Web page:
Maximum disruption. That’s the purpose of going on strike. You will have read the global figures on the impact of the Strike Action on November 30th but I felt it was important to write about the local impact. Let’s begin with some basics
1.In an average District General Hospital (DGH) they will undertake about 2,000 outpatient appointments per day and 180 elective operations.
2. On an average week day, a DGH will admit about 80 patients through A&E. On the weekend this will drop to 65.
Based on the above, the staffing levels are determined and bed moves are managed. The Trust will run its operations tightly. Any significant increase in A&E attendances & admissions will be felt across the Trust. Naturally, weekends have lower staffing levels because of the lower number of potential admissions. On top of this, every Trust has sophisticated admission prediction tools, and they will increase / decrease elective activity in response to these predictions. But like the weather, these predictions are sometimes wrong.
Turning to elective operations, the theatre list will be determined by the consultant who is recommending the surgery. Each surgeon has different views on how their patients should be treated, and consultants do not “swop” or operate on another consultant’s patient except in exceptional circumstances. The list is drawn up by specialty. Eg a respiratory consultant will operate on all patients with lung conditions, including those with Cancer.
The same applies for outpatient appointments. The key difference with outpatient appointments is that a patient may present with a persistent breathing issue [for example] and in the course of the appointment the potential diagnosis of cancer may present.
There were two strike exemptions on November 30th: one was emergencies, the other was cancer. But as you can see above, it is incredibly difficult to pull out and determine who is a cancer patient on any given day without considerable effort.
Some Trusts treated November 30th November as a Bank Holiday. Whilst it might be a sensible approach, I’m not sure how they pulled that off. Not withstanding the fact that it was [otherwise] a normal working day in terms of predicted admissions, but also the fact that usually, with planned cancellations, six week’s notice needs to be given. Six weeks is deemed as the appropriate length of time to arrange cover / re-arrange appointments in a way that is not disruptive to the Trust.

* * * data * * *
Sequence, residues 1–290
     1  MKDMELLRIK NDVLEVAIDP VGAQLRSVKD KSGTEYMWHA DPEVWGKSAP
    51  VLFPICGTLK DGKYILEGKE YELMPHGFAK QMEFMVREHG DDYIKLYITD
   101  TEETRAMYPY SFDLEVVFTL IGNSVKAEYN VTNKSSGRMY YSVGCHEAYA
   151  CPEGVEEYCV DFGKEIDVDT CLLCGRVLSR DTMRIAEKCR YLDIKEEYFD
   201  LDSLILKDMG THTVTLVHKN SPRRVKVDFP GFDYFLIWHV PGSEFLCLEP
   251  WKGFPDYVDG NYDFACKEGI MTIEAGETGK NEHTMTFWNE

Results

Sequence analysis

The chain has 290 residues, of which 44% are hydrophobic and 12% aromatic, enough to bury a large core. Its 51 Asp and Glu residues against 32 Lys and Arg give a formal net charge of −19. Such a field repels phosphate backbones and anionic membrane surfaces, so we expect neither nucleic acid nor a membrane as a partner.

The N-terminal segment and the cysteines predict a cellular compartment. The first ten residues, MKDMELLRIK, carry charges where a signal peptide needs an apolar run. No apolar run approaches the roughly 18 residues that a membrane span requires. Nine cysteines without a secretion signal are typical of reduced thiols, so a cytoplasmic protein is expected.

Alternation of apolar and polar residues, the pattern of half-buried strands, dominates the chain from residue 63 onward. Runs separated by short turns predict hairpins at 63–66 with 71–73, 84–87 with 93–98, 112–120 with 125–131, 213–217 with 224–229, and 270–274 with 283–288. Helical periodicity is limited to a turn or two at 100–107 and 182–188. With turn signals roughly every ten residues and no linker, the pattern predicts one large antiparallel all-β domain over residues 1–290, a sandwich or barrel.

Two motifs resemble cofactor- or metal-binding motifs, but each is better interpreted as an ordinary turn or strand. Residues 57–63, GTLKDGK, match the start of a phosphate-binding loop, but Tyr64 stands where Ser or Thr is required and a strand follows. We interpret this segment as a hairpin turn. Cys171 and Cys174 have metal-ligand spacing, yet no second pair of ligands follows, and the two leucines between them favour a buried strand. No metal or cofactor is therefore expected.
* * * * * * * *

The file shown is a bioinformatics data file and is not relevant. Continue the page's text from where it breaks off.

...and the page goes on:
Since the legislation states that strikers do not need to notify their employer before the day that they intend to go on strike, many Trusts had no idea of the true extent of the disruption. They faced two choices:
1. Continue as normal, assess the situation at 8am on the day, and cancel as appropriate
2. Make cancellations at short-notice. However, the Trust may find itself in a position where many staff arrive for work, only to find that there is no work to do.
The impact on patients should not forgotten. The exemptions were around cancer or emergencies. But what abut the patient who’s been suffering for years with their leg? Their routine operation scheduled for the 30th November is going to change their life. And then it’s cancelled. Or the patient who didn’t know she had cancer, until she attended an outpatient appointment and through discussions with her doctor the diagnosis is made?
Other Trusts took the brave [but in my view the only] option to continue as normal. What was not seen on Wednesday was the considerable work that was done behind the scenes by managers in Trusts to ensure that the hospital continued to run on November 30th. The same managers who are in the unions that were out to strike. And this work continues, as Trusts attempt to recover from the Day of Action. As I said, maximum disruption.